My husband loves lima beans. Me, not so much. Now I love black beans, red beans, pinto beans, garbanzo beans. But no lima beans. For me, it is a texture issue. They are wrinkly and mushy, with no real flavor. Come to think of it, they are kind of shaped like a liver…. hmmm. I can handle them in soup, and MAYBE in a mixed vegetable side dish, but not on their own. Again, I think this is a childhood issue, as my Mom cooked vegetables to death. No steaming, just boiled them into oblivion. No amount of butter on them can make them palatable to me.
3. Pickled Beets and Pickled Eggs in Beet Juice
I used to never eat beets. But my husband roasted some, and now I love them, so they are on my list of good eats. Especially with some goat cheese. But no pickled beets. It is a combination of the pickling and again, a texture issue that makes them not appealing to me. The same goes for those pickled eggs that you would see in a giant jar sitting on the bar at an old tavern. And how long have they been sitting there?
No. Just no.
4. German Potato Salad
Regular potato salad, red skinned potato salad, potato and egg salad, yes. Love them. German potato salad, no. I don’t care for the vinegar-y taste of German potato salad. To me, it tastes sour. And I do love pickles and foods with an acid base, but not this. Another reason why I don’t like it doesn’t have anything to do with German potato salad per se. A person was trying to get me to taste it. I said no, that I didn’t care for it. He kept insisting, that I try it. No, thank you. When he put a spoon of it up to my face, that was it. He ended up wearing it…. So I think German potato salad in some weird way became a symbol of me asserting my preferences and not accepting being told what to like or try. No means no, whether it is potato salad or anything else.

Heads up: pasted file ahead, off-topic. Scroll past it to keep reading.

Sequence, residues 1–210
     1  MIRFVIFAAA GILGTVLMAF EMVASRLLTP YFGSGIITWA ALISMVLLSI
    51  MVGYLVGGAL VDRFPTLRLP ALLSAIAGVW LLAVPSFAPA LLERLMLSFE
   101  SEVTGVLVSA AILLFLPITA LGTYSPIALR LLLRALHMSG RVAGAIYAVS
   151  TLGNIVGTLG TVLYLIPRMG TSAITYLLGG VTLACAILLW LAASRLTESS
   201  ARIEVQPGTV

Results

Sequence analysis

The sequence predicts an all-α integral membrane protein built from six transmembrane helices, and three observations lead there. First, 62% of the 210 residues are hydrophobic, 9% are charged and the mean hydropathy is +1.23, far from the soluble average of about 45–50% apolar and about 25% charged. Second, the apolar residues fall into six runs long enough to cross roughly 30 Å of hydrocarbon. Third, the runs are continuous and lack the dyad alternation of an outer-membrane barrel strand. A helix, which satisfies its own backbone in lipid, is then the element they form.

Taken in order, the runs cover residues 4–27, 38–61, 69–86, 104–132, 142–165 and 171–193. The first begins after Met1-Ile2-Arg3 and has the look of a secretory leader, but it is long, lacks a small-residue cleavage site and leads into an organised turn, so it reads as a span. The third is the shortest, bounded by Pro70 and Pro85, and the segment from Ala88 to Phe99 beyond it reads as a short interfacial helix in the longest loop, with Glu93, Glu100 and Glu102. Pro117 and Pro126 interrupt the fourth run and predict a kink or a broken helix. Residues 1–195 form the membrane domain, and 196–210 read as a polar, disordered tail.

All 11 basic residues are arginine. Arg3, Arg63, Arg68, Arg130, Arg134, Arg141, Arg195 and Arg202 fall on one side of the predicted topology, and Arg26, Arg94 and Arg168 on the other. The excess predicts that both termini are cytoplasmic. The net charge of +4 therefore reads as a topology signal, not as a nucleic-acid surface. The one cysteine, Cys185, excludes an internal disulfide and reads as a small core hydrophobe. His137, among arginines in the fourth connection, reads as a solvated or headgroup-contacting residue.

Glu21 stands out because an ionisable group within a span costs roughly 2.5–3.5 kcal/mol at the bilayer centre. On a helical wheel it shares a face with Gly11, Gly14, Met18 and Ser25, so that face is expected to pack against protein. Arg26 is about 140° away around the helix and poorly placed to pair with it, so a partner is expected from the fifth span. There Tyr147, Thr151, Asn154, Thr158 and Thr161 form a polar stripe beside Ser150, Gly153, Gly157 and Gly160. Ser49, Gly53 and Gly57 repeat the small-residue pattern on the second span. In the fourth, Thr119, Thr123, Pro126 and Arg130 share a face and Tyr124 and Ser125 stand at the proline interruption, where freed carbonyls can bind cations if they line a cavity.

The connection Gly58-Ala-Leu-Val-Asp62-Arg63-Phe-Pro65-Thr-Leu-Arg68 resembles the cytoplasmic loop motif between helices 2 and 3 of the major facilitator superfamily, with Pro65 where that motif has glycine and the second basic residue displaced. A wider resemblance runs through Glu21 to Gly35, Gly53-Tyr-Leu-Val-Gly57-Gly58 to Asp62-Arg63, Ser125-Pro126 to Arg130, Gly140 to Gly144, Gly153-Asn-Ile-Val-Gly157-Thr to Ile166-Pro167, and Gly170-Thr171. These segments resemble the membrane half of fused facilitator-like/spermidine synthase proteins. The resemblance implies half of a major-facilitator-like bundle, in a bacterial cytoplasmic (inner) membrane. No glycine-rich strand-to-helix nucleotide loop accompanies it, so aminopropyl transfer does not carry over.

5. Anything with Jell-O
Every kid ate some sort of Jell-O as a dessert.And it was okay, not my favorite. But we were subjected to that fabulous fifties food-the Jell-O Mold. My Mom had the copper molds in rings, one that looked like a fish, and others. She would create those God-Awful molds as a side dish. There was Tomato Aspic-plain gelatin made with V-8 juice and celery and onions. Served of course, on Iceberg lettuce. Bleagh! Rings made with orange Jell-O and fruit salad. Not as bad, but no, not great.
But the worst was her Pickled Beet Gelatin Mold. (Note the tie-in to #3 on the list). She used a mold that looked like a cone. It was clear gelatin with chopped pickled beets. I was in Jell-O hell. I remember one time she made it, and it hadn’t set completely. When she turned it over onto the plate of Iceberg lettuce, it ever so slowly began to spread out. Did you ever see the movie “The Blob”? We had our own version of The Blob, right there in the kitchen. I couldn’t take my eyes off of it. It was alive, ALIVE!!!! It was a purple, icky slimy mass that was going to kill me in my sleep. So, no Jell-O for me. Too scary.
There are a few other less than delectable items on the list:
Insects-I have seen Andrew Zimmern of the TV show “Bizarre Foods” eat many a bug. Nope. No. I don’t care how protein rich they are, until there is an apocalypse, I am not consuming insects.
Miracle Whip- I am a Hellman’s woman. Period. Miracle Whip is too sweet for me.
Tuna Noodle Casserole- canned tuna heated up is gross. Just sayin’.
Tuna Salad with Sweet Pickles–eewww.
So, what is on your list of non negotiable foods? And what is the story behind it? Share your tales of fear and horror!
This post is part of the monthly link up party Our Growing Edge. This event aims to connect food bloggers and inspire us to try new things. This month is hosted by Annika atWe Must Be Dreamers